WINDOWS Magazine, May 1997
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3-D: The Next Dimension
That upgrade from DOS to Windows you made years ago was a quantum leap forward, graphically speaking. You moved from a black and lifeless void with no graphical dimensions, to a two-dimensional world with objects like folders and documents you could "open" and move around on a 2-D "desktop."
Well, get ready for the next quantum leap: 3-D computing on Windows is here. Our special report on 3-D will tell you how to experience it for yourself and prepare you for the coming wave of 3-D Windows hardware and software.
I'm not talking about bloody games like Quake or Doom. Nor am I talking about kooky glasses, gimmicks or novelty applications. I'm talking about virtual-reality trade shows, architectural walk-throughs and fast-drawing 3-D business graphics.
That's today. Tomorrow, or, more accurately, within the next year, 3-D will go totally mainstream. Both Microsoft and Intel are pouring massive resources into making 3-D fast, easy and standard.
The next version of Windows, due later this year, will feature a technology called OpenGL-the same technology long used for photo-realistic rendering of CAD/CAM applications on high-powered Silicon Graphics workstations. (See page 194 to find out how you can get a free copy of OpenGL now.)
Direct3D is similar to OpenGL, but is a Microsoft "standard," rather than an industry standard. It's part of the DirectX bundle of technologies and forms the cornerstone of a new hardware platform code-named Talisman that Microsoft has been developing for years. Microsoft won't make the hardware, but it will tune Windows and some application software and multimedia content to run on Direct3D hardware. The goal is 1024x768 true-color 3-D graphics that update 75 times per second!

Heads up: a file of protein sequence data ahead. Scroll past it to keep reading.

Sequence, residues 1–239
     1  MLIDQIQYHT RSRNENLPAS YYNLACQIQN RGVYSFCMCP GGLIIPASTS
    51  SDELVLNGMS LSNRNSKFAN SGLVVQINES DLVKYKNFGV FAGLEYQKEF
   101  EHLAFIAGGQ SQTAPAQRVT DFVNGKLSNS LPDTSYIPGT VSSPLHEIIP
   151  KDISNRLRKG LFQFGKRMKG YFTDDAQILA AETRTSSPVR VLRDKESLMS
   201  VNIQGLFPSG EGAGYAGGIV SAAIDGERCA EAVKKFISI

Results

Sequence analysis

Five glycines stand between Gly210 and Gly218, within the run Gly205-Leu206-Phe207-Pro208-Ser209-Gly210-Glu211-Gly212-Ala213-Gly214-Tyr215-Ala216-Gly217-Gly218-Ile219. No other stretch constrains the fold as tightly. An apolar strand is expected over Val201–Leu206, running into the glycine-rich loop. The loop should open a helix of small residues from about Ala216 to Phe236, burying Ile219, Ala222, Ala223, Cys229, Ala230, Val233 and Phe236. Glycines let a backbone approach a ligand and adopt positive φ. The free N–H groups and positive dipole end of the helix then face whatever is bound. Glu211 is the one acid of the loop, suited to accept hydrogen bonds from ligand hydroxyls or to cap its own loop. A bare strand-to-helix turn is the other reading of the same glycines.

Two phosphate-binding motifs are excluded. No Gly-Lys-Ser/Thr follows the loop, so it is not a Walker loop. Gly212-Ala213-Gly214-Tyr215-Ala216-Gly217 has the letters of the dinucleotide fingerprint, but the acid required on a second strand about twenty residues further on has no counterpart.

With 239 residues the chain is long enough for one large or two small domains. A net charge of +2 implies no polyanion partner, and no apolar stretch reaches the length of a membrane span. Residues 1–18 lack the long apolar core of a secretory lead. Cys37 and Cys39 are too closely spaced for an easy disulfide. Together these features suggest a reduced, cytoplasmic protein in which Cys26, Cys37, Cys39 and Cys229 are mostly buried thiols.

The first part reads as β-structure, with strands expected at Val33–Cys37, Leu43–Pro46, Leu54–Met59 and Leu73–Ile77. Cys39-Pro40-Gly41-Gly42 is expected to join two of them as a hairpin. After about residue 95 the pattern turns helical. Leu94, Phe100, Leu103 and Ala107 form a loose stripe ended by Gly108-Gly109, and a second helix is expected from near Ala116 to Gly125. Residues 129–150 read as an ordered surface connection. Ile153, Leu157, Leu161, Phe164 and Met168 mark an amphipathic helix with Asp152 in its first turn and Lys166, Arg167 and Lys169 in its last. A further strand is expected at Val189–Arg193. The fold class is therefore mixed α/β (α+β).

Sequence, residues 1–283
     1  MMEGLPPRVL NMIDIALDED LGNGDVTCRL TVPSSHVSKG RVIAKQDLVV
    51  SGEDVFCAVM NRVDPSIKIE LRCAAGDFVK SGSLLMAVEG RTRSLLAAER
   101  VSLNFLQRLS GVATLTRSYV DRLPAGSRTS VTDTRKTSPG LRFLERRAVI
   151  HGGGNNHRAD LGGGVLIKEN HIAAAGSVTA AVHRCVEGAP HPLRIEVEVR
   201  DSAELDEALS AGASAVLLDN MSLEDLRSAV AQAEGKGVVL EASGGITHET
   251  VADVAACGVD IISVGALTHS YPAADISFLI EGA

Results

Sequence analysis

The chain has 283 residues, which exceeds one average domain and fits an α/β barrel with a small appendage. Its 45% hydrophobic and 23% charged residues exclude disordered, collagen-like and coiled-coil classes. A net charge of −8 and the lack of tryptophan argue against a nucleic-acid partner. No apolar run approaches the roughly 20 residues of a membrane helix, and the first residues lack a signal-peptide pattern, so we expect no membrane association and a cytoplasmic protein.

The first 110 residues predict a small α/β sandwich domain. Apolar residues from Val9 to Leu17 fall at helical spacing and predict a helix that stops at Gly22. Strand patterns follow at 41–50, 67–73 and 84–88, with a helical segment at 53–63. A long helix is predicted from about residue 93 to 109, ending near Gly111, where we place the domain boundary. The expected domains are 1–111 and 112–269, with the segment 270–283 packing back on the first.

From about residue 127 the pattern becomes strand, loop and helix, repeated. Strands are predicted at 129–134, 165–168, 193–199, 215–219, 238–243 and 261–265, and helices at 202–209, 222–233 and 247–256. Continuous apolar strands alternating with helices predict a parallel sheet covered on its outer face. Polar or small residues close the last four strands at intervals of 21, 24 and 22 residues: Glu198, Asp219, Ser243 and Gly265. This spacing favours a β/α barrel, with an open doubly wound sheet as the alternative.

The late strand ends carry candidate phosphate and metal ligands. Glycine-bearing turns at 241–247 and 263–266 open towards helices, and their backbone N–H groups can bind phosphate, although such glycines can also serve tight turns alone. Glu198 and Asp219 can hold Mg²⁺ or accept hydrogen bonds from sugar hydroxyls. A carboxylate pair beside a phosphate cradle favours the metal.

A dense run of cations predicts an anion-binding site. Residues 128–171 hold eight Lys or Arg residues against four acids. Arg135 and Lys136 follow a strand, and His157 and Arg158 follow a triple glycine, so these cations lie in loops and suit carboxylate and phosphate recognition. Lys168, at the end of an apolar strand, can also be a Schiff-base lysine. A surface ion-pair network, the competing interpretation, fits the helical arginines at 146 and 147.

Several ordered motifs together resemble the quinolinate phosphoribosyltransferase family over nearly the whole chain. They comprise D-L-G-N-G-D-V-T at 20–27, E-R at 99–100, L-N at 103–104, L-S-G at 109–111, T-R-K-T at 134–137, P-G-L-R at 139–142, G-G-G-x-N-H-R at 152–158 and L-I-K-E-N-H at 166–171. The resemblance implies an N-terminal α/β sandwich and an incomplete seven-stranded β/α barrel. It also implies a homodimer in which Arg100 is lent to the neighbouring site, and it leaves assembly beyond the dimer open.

Meanwhile, Intel is hammering out a hardware spec called Accelerated Graphics Port (AGP) that will radically speed up graphics performance, especially 3-D graphics. AGP should be standard equipment on Windows hardware by Christmas.
All these new 3-D technologies will make it easier and more compelling for software makers to create 3-D interfaces for their products. Many are already working on it.
They will also make it easier for you and me to create 3-D. As 3-D becomes the accepted standard, more of us will want to populate our documents and presentations with bona fide 3-D objects.
On the Web, 3-D virtual reality is catching on like wildfire. Flat "pages" will gradually be replaced by virtual reality "spaces" you can fly through. Click on a door, it opens, and you move smoothly through it into another space. That's how the Web should work. And soon, it will. Check out page 184 and find out where you can experience virtual reality on the Web.
And no report on 3-D Windows would be complete without a look at the amazing acceptance of professional 3-D Windows NT workstations.
Microsoft designed NT as a cheaper alternative to UNIX workstations, including systems optimized for CAD/CAM applications and other uses where designers need fast 3-D. OpenGL has been part of Windows NT since version 3.5.
One of the biggest stories in 3-D NT is taking place in Tinseltown. NT is quickly becoming Hollywood's platform of choice for 3-D special effects and animation in the movies. See page 203 for details.
Before 2-D Windows computing became standard, many DOS users wondered, "What's the big deal?" Some may say the same about 3-D. Read our special report and find out why 3-D is the biggest development in Windows graphics since Windows 3.x.
Want to learn more about 3-D Windows computing? Join the editors of WINDOWS Magazine online at www.winmag.com starting April 28 for a special month-long 3-D Windows event, including chats, links and more information about the bleeding edge of Windows graphics.
Contact editor Mike Elgan in the "Start" topic of WINDOWS Magazine's areas on America Online and CompuServe, or at the addresses here.
[Ed. Note: Where's Fred? Don't worry, editorial director Fred Langa is still here in the magazine. And he's still bringing you his signature mix of real-world solutions, useful insight and hard-hitting examination of the issues vital to all Windows users. But now he's doing it under The Explorer banner. Meanwhile, you'll find me here each month addressing the major trends in the industry and telling how WinMag puts them in perspective.]
Windows Magazine, May 1997, page 07.